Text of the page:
The United States Poet Laureate* is appointed annually by the Library of Congress, and is poetically described by the LOC as the "official lightning rod for the poetic impulse of Americans." (Personally, I like the very idea of a "collective poetic impulse," and find its acknowledgement and promotion by an institution of the federal government deeply heartening!) The Laureate's job is to promote poetry in the national consciousness however he or she wishes, often by implementing public programs and education in schools. They also head an annual poetry reading series at the Library. The Laureate receives a stipend of $35,000 (which when the stipend was originally instituted served as quite a nice living for a poet, but now serves as more of a bonus to the Laureate who usually earns a living teaching at a university.)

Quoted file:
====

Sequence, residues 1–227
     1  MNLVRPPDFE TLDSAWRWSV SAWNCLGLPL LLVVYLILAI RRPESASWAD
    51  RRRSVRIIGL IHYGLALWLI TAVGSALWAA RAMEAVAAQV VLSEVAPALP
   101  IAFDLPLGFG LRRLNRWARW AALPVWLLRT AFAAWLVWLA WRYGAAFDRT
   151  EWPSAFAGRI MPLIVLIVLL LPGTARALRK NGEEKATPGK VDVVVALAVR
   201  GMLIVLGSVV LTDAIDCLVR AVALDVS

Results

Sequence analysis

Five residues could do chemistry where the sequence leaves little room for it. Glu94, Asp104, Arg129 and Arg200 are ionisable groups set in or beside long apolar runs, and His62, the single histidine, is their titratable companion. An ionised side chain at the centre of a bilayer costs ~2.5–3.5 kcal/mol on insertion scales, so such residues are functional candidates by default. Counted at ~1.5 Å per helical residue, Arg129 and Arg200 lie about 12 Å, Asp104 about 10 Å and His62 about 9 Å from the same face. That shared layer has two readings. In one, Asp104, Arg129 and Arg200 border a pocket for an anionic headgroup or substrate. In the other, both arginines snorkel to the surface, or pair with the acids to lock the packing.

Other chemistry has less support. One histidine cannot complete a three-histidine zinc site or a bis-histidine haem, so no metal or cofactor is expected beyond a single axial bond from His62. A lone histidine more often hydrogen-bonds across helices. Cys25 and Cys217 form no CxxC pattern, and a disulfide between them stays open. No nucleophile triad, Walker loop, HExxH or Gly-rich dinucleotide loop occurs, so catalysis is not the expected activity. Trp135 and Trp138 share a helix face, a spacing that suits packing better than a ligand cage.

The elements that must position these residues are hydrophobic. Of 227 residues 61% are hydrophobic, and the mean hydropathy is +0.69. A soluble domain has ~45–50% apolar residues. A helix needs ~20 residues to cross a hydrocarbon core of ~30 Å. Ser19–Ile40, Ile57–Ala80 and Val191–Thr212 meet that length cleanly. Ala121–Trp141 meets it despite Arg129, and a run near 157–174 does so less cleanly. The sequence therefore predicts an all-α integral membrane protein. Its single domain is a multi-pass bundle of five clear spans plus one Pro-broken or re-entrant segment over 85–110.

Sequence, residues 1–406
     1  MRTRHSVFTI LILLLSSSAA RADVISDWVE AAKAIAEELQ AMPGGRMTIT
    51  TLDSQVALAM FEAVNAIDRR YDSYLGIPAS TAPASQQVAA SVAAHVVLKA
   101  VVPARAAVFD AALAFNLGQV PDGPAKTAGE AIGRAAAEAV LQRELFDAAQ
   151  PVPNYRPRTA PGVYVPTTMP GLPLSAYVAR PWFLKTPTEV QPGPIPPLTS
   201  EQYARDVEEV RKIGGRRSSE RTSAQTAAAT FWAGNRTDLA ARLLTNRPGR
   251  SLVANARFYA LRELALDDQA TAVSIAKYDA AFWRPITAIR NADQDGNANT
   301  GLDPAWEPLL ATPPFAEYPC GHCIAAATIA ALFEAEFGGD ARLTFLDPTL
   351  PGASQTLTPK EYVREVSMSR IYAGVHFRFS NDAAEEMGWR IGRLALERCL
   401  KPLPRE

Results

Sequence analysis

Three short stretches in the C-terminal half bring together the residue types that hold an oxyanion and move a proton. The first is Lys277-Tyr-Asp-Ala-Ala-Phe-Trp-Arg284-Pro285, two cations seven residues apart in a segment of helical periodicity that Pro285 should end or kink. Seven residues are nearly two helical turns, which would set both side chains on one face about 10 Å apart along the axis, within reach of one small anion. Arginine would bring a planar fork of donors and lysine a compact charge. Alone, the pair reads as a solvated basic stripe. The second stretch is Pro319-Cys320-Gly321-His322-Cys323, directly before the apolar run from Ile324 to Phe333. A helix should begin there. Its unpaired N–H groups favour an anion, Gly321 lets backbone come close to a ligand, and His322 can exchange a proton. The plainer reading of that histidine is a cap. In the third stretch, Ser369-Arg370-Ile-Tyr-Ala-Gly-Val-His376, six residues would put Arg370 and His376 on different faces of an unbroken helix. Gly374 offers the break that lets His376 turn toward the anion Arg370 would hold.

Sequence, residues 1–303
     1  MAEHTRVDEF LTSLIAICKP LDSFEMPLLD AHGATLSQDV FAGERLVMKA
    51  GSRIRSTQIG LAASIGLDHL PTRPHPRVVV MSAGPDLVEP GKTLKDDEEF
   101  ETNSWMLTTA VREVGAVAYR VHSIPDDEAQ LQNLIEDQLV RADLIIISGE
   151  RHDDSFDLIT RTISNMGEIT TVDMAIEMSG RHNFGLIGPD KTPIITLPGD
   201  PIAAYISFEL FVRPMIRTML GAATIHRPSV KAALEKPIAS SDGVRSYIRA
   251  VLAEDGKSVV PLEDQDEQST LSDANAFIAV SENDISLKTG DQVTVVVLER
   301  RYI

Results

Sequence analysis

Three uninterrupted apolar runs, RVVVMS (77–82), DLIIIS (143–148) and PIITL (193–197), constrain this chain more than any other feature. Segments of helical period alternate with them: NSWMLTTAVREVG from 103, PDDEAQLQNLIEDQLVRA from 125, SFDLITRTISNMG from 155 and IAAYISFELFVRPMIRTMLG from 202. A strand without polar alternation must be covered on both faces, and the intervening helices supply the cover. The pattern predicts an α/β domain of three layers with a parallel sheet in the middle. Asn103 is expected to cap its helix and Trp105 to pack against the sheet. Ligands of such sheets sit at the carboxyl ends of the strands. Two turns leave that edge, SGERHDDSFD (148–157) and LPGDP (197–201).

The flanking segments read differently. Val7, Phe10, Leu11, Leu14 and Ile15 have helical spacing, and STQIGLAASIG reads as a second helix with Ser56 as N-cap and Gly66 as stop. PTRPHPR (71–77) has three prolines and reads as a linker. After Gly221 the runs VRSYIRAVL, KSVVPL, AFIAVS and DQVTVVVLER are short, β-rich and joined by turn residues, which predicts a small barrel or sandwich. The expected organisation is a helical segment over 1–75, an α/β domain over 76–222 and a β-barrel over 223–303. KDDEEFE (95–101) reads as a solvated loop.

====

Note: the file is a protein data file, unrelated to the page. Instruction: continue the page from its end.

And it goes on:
Since 1937, the Librarian of Congress (currently James H. Billington) has appointed poets to the position, including Elizabeth Bishop, Robert Frost, Stanley Kunitz, Gwendolyn Brooks, Rita Dove, and Billy Collins. In making the choice, the Librarian consults with former Poets Laureate, the current Laureate, and poetry critics.
As the 16th Poet Laureate, Kay Ryan recently launched the Community College Poetry Project, in an effort to highlight poetry in community colleges nationwide. Ryan has taught remedial English at community colleges for more than 30 years, and is a faculty member at the College of Marin in Kentfield, Calif. "I simply want to celebrate the fact that right near your home, year in and year out, a community college is quietly - and with very little financial encouragement - saving lives and minds," said Ryan. "I can't think of a more efficient, hopeful or egalitarian machine, with the possible exception of the bicycle."
*There are also State Poets Laureate, as well as Poets Laureate for some cities and communities: Tina Chang was recently named Brooklyn's Poet Laureate! Many other countries around the world also appoint Poets Laureate.
This article was originally published in April 2010, and has been updated for the
April 2011 paperback release.
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